Finding 3. Partners and beneficiaries find the Project relevant. The Project missed an opportunity to better reflect UNDP strategic priorities and countries’ realities mid-course.


Finding 5: The Project is moderately effective in terms of achieving its planned outputs. Core expected outputs under Activity 1 will most likely be achieved, while the targets for Activity 2 are unlikely to be achieved by the Project end.


Finding 6. Capacities of supported businesses in developing business proposals and second tier banks have strengthened through training and direct support. It is unlikely that the training content and delivery modalities will be institutionalized.



Finding 7. The Project coherence strategies were limited to core partners such as the Ministry of Economy, RKDF and EDB and did not explore wider partnerships with the national Chamber of Commerce, business and banking associations or such key IFIs as EBRD to achieve synergies.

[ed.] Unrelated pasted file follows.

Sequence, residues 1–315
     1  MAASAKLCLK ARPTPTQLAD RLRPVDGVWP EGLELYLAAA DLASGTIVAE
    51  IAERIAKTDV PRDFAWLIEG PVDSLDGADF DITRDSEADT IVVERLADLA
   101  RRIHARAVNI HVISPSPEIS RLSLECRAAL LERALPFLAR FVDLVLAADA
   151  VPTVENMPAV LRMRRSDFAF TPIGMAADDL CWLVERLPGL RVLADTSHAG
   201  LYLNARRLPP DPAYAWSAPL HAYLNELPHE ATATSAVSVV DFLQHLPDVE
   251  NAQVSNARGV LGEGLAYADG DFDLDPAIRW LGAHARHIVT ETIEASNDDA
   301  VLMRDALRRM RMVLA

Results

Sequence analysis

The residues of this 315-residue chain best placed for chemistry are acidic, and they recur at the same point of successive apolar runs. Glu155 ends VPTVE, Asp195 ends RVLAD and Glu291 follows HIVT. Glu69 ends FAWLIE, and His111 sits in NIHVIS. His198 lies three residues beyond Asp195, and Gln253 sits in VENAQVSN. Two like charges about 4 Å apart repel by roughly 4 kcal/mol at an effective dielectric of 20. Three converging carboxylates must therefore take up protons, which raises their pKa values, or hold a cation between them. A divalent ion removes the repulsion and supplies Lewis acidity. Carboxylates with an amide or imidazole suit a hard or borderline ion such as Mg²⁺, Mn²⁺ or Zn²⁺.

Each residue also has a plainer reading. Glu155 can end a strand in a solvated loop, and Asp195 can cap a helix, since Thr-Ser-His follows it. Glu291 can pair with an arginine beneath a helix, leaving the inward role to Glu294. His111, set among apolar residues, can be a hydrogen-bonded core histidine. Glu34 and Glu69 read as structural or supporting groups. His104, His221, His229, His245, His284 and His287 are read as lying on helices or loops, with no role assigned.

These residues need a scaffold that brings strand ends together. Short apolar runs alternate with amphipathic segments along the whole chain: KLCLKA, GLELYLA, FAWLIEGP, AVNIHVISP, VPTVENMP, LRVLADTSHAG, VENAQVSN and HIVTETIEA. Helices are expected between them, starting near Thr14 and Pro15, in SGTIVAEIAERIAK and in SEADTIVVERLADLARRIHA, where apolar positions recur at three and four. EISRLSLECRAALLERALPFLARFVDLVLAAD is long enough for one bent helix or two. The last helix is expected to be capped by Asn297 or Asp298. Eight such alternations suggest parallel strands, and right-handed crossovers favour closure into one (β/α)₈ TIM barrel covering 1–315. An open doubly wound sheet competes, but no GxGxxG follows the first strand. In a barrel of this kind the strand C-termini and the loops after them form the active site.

Finding 8. Women economic empowerment was not consistently pursued.


Finding 9: Results are achieved in an economically efficient manner and with manageable transaction costs. At the initial stages of implementation, the Project was constrained by limited technical capacity of UNDP.


Finding 10: The Project is effectively managed. Current staffing structure is efficient, but the Project operations in other supported CIS countries was not supported with the corresponding modality. The Project experienced continuous challenges with engaging the necessary international and technical expertise.


Finding 11: The Project regularly collects and reports on core output indicators but does not have a well-developed M&E function